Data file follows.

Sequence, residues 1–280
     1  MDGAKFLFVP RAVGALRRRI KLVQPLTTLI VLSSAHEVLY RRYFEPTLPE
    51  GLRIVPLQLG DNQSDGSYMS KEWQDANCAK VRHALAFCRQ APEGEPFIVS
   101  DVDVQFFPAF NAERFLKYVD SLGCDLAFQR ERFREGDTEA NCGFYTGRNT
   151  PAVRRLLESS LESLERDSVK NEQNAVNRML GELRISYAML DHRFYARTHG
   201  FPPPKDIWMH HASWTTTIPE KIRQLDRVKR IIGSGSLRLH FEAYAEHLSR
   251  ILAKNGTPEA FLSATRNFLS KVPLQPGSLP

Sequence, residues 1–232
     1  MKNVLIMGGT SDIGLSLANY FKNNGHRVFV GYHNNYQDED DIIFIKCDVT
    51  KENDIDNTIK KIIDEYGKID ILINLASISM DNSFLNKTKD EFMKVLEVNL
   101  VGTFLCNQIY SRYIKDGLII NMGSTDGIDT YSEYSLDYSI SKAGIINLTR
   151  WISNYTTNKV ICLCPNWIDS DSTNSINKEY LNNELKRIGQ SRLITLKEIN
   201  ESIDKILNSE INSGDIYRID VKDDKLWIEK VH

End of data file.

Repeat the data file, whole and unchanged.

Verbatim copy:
Sequence, residues 1–280
     1  MDGAKFLFVP RAVGALRRRI KLVQPLTTLI VLSSAHEVLY RRYFEPTLPE
    51  GLRIVPLQLG DNQSDGSYMS KEWQDANCAK VRHALAFCRQ APEGEPFIVS
   101  DVDVQFFPAF NAERFLKYVD SLGCDLAFQR ERFREGDTEA NCGFYTGRNT
   151  PAVRRLLESS LESLERDSVK NEQNAVNRML GELRISYAML DHRFYARTHG
   201  FPPPKDIWMH HASWTTTIPE KIRQLDRVKR IIGSGSLRLH FEAYAEHLSR
   251  ILAKNGTPEA FLSATRNFLS KVPLQPGSLP

Sequence, residues 1–232
     1  MKNVLIMGGT SDIGLSLANY FKNNGHRVFV GYHNNYQDED DIIFIKCDVT
    51  KENDIDNTIK KIIDEYGKID ILINLASISM DNSFLNKTKD EFMKVLEVNL
   101  VGTFLCNQIY SRYIKDGLII NMGSTDGIDT YSEYSLDYSI SKAGIINLTR
   151  WISNYTTNKV ICLCPNWIDS DSTNSINKEY LNNELKRIGQ SRLITLKEIN
   201  ESIDKILNSE INSGDIYRID VKDDKLWIEK VH